How To Make A Grid In Photoshop (3 Easy Ways)

There are multiple ways to create a grid in Photoshop, such as using one temporarily for alignment purposes or to add as a grid pattern to your project. Regardless of what you need to make a grid for, you’re going to learn about it here.

Let’s start things off by creating a temporary grid to use as guidelines for positioning or straightening layers in your project.

How To Make A Temporary Grid In Photoshop

Option 1: Using A Grid Overlay

Grid Overlays are a series of semi-transparent lines you can apply on top of your canvas to help you compose an image or place different elements. Photoshop has several different overlays, including a grid overlay. You can add the grid overlay to your canvas at any point while you work by heading to View > Show > Grid. 

You’ll see that the grid now appears on your document.

If you add an image to your canvas, the grid lines remain as a useful guide on top of the image (and any other elements added).

Because this is just a temporary overlay to help with positioning, you won’t need to worry about the grid showing up in your exported project. It will just sit over your canvas while you work to help you line up the different elements. You can remove the grid lines at any point.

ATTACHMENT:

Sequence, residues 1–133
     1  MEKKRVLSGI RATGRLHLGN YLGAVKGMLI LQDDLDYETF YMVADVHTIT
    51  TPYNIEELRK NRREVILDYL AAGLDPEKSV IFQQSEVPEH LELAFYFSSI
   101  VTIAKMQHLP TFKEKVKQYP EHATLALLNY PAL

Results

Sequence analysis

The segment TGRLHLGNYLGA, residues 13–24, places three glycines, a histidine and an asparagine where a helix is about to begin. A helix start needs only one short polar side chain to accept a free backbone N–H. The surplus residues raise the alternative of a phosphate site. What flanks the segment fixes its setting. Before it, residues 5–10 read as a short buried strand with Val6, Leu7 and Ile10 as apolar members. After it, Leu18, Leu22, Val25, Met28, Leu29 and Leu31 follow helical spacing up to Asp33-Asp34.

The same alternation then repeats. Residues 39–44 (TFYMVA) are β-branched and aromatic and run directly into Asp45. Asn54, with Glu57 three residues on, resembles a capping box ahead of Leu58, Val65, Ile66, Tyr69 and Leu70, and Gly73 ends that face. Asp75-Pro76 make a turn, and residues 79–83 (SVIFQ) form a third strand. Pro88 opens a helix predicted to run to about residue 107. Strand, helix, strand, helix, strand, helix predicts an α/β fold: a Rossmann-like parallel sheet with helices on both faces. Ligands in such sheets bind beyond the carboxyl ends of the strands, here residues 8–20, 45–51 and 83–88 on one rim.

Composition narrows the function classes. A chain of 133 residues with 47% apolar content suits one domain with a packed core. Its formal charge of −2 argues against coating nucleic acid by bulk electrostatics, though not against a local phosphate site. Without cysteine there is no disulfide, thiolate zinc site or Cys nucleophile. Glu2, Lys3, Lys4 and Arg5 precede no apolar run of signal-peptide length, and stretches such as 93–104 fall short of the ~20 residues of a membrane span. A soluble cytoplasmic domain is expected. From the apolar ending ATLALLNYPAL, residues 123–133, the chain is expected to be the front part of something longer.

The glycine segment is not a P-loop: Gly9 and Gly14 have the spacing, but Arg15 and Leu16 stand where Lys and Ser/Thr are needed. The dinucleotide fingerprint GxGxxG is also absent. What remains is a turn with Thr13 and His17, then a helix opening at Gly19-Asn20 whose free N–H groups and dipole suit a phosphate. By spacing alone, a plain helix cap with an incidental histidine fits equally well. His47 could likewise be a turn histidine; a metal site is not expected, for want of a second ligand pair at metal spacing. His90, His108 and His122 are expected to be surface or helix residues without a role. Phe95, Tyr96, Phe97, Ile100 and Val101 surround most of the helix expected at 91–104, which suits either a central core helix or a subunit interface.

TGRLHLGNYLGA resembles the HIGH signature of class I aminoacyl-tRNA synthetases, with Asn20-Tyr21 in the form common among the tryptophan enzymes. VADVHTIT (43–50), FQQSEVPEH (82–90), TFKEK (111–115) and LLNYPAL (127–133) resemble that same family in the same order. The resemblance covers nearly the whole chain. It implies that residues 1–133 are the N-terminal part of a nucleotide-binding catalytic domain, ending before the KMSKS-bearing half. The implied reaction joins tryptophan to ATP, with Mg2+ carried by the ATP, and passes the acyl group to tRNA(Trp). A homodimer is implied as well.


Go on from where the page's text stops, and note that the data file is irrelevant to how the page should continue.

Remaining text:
If you want to change the grid’s appearance, head to Edit > Preferences (Win) or Photoshop > Preferences (Mac) and select Guides, Grid & Slices

In the window that appears, you can change how your grid looks by editing the color and type of the lines (solid, dotted, dashed) and selecting the gridlines’ spacing and the number of subdivisions.

Option 2: Using A Custom Guide Layout

The other way to add a temporary grid to your project is to create your own custom guide layout. Guide Layouts work similarly to grids in that they sit over your canvas to help guide the placement of elements and composition of your project.

Head to View > Guides > New Guide Layout to create the layout.

This will bring up the New Guide Layout window. 

Here you can edit the number of rows and columns the layout will show and the width between them. For example, let’s create a 3×3 grid and set the space between the lines to equal by leaving the Width and Height sections blank. You can also edit the gutter size by entering a pixel number — I’d prefer no gutter with this Guide Layout, so I’ll set them to 0.

You can also add margins on any side by checking the Margin box and setting the size of your margins.

To save your custom guide layout as a preset and use it again in the future, once you’ve set the various settings, you can click the drop-down arrow next to Preset at the top of the window and select Save Preset.

The Save Preset dialogue box will appear, and here you can set a name and destination folder for your Guide Layout.

Once you click Save, the layout can be found whenever you’d like to use it again by clicking the Preset drop-down arrow and selecting the preset name you’ve just set.

Once you’ve set the Guide Layout settings and saved it (if you wanted to), click OK, and the guide will appear the way you’ve set it on your canvas.

How To Make A Grid Pattern In Photoshop

Rather than a temporary guide or overlay, this permanent pattern will stay on your document after exporting the image. This is useful if you want to create a grid effect over a photo or a pattern for a checkerboard or picnic blanket.